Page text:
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Lucky streaks exist, but luck's got nothing to do with it

Research on gamblers by two scientists show much more subtle pattern emerging in lucky streaks than mere chance.

Know when to fold 'em. bestecasino/YouTube screenshot by Chris Matyszczyk/CNET

What are the chances that some people are just lucky?

You look at them and think: "How on Earth did he manage to marry her?" Or you wonder: "He's not smart. He's not articulate. He's not even a criminal. How did he get a house as big as that?"

Perhaps he's just a very good gambler. Indeed, some scientists from the UK decided to see whether hot streaks and hands really did exist beyond the parameters of pure luck.

As The Economist deals it, Juemin Xu and Nigel Harvey at University College, London, examined gamblers.

Their conclusions were as cheering as they were depressing. Some gamblers really do manage lucky streaks. Equally, some losers are just spectacular and consistent losers.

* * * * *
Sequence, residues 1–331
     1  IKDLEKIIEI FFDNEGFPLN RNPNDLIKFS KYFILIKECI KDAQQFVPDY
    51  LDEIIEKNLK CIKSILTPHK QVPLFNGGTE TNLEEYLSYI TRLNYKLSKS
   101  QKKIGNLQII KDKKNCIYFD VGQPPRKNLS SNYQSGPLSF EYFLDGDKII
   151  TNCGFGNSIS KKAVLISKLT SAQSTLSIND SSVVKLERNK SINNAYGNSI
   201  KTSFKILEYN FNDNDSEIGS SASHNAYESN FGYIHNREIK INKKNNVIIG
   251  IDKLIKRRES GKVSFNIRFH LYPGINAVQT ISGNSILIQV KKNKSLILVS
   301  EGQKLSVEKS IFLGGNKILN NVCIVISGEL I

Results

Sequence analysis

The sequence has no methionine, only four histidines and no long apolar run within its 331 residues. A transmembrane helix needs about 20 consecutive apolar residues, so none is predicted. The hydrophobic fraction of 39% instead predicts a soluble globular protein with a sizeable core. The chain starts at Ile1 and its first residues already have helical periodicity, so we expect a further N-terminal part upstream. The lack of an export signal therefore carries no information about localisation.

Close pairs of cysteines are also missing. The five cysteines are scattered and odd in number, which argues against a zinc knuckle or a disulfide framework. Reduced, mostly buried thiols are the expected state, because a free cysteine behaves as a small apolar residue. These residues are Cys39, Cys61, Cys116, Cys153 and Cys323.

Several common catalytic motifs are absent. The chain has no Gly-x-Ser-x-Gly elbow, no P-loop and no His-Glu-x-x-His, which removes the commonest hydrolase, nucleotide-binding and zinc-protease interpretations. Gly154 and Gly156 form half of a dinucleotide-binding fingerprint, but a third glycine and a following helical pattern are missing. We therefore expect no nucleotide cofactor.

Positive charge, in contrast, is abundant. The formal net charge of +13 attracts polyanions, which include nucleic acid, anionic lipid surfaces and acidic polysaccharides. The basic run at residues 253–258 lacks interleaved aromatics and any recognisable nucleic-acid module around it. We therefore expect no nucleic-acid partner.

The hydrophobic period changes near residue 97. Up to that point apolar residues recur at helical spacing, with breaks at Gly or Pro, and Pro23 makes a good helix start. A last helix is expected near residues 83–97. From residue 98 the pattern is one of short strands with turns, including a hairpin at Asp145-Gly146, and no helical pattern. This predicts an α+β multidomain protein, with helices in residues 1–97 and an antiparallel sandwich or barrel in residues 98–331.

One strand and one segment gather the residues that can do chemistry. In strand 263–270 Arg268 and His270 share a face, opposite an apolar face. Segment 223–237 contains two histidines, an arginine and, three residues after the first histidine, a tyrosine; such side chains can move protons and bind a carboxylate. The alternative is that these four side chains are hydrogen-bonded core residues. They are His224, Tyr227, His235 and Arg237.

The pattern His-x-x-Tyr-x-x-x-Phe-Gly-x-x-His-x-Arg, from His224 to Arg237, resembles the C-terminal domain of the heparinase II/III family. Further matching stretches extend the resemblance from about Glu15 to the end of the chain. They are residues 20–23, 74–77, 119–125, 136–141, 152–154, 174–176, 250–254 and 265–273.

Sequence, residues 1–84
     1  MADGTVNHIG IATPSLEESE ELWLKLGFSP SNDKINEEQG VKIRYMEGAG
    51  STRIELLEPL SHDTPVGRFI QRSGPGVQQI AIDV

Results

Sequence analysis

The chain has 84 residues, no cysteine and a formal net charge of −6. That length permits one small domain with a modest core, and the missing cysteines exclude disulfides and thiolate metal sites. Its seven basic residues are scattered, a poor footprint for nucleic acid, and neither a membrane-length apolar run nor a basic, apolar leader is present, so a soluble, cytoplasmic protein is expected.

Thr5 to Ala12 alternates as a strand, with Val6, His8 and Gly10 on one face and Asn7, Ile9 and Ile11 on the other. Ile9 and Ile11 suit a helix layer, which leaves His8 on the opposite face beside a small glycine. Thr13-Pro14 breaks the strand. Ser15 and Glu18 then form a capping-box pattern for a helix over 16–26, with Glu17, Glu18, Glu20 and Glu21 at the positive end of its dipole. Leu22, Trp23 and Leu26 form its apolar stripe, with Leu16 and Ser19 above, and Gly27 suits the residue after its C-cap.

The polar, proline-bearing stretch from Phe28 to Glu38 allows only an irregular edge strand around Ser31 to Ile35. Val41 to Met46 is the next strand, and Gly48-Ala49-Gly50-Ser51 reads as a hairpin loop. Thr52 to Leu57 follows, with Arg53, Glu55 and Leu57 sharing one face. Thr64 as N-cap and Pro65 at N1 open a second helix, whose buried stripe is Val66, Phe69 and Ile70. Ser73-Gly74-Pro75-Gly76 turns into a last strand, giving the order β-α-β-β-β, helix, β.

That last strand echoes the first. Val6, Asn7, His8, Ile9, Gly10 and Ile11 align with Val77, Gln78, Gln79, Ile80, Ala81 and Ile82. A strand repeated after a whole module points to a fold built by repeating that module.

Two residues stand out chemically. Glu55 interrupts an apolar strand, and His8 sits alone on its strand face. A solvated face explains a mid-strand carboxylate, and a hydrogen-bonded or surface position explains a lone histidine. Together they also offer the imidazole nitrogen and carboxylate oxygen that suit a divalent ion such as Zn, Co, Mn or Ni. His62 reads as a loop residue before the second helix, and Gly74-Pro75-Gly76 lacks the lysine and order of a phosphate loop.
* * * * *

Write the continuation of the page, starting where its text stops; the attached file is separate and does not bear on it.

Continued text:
Their research wasn't cursory. They looked at 565,915 bets made by 776 different online gamblers.

What they found was that the "lucky" gamblers' chances of winning a first bet was 48 percent. The next bet had a 49 percent chance of being a winner.

It was then that supposedly lucky streaks gained momentum. The third bet offered a 57 percent change of success, the fourth (assuming a continuing streak) 67 percent, the fifth 72 percent.

By the time they got to the sixth bet, there was a 77 percent chance that these lucky gamblers would actually stay lucky.

But was it luck? The intellectuals believe that what was really happening was that as the streak increased, the chancy nature of the bets decreased. The gamblers took more conservative steps in order to keep that winning feeling, choosing bets with better odds.

They may have made less money, but they felt more like a winner. Indeed, many a gambling expert insists that gambling is not really about how much you win, but the buzz you get from the excitement.

So what about losers? In this research, losing made the gamblers even bigger risk-takers. Which, unsurprisingly, accelerated their losing streaks.

Sadly, such research merely reinforces the notion that you should behave sensibly. It suggests that if you get a little luck, you shouldn't actually leave too much to chance after that.

It was the gamblers' own self-control that turned them into bigger winners, rather than their sense of riding an unbeatable, magical stallion of fortune.

And that's why an accountant makes a perfect spouse.